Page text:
Guinea Attraction is The Undisturbed Countryside

By: Douglas Scott

The Republic of Guinea is located in West Africa and bounded by Guinea Bissau, Senegal, Mali, Cote dIvoire, Liberia and Sierra Leone.

The River Niger flows north from the southern highlands into Mali before turning south again through Niger and Nigeria.

The coastal plain is made up of mangrove swamps. In the northeast, savannah plains of the Sahel region stretch into Mali. To the south are mountains known as the Guinea Highlands.

Guineas main attraction to tourists is its relatively undisturbed countryside. Its landscape varies from mountains to plains and from savannah to forest. The capital, Conakry, is located on the island of Tumbo and connected to the Kaloum Peninsula by a 300m long pier.

The city is well laid out, its alleys shaded by mangrove and coconut palm trees. One dish visitors are likely to be offered is hot maize soup, served from calabashes. Guinea has a strong music tradition and Conakry, in particular, is a dynamic centre for music. The singing of the Kindia people is especially renowned.

Guinea has had only two presidents since gaining its independence from France in 1958. Lansana CONTE came to power in 1984, when the military seized the government after the death of the first president, Sekou Toure. Guinea did not hold democratic elections until 1993 when Gen. CONTE was elected president of the civilian government. He was reflected in 1998 and again in 2003. Unrest in Sierra Leone and Liberia has spilled over into Guinea on several occasions over the past decade, threatening stability and creating humanitarian emergencies.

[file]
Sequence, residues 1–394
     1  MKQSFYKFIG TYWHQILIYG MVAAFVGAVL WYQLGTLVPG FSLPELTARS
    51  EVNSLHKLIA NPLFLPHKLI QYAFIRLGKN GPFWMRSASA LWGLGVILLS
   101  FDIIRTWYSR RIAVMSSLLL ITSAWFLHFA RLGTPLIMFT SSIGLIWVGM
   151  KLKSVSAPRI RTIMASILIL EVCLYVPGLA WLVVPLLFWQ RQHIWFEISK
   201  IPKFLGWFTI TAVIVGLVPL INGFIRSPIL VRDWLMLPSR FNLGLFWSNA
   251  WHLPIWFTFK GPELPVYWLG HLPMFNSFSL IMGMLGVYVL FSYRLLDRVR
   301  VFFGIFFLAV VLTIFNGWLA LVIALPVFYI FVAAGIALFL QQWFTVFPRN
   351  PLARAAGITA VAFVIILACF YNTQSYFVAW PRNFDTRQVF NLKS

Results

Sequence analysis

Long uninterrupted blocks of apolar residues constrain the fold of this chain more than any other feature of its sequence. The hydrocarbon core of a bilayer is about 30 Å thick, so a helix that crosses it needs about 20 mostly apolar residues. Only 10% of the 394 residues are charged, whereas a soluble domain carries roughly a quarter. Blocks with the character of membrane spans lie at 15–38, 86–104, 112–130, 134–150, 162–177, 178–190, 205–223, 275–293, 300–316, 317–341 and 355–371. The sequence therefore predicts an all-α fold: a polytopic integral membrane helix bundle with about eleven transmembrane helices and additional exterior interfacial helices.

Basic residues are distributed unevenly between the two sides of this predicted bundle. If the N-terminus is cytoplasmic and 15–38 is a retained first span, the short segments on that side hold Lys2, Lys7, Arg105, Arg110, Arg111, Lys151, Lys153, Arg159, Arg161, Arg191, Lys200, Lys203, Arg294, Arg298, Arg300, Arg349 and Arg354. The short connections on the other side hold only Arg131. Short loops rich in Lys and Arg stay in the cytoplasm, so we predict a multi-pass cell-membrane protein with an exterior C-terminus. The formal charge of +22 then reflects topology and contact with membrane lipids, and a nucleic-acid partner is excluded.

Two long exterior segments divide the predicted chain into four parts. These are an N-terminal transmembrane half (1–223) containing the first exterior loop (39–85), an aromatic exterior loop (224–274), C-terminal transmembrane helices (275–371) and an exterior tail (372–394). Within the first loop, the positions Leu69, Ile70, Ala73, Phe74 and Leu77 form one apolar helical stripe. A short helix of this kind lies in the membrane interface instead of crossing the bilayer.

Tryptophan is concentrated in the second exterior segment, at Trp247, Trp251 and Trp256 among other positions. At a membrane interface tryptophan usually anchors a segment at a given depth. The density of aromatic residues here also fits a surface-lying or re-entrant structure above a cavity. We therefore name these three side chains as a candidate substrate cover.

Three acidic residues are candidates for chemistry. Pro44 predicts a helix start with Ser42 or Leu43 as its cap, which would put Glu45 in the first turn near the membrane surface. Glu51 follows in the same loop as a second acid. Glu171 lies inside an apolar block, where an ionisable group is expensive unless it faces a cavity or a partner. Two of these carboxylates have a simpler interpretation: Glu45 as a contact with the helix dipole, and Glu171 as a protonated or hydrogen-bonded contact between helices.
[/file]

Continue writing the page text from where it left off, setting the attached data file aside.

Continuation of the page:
Guinea possesses major mineral, hydropower, and agricultural resources, yet remains an underdeveloped nation. The country possesses over 30 percent of the worlds bauxite reserves and is the second largest bauxite producer. The mining sector accounted for about 75 percent of exports in 1999. Long run improvements in government fiscal arrangements, literacy, and the legal framework are needed if the country is to move out of poverty. Fighting along the Sierra Leonean and Liberian borders, as well as refugee movements has caused major economic disruptions, aggravating a loss in investor confidence. Foreign mining companies have reduced expatriate staff. Panic buying has created food shortages and inflation and caused riots in local markets. Guinea is not receiving multilateral aid. The IMF and World Bank cut off most assistance in 2003. Growth rose slightly in 2004, primarily due to increases in global demand and commodity prices on world markets.

Although Guineas mineral wealth makes it potentially one of Africas richest countries, its people are among the poorest in West Africa.

Radio and TV stations, as well as the countries largest and only daily newspaper, are state controlled and offer little coverage of the opposition and scant criticism of the government.

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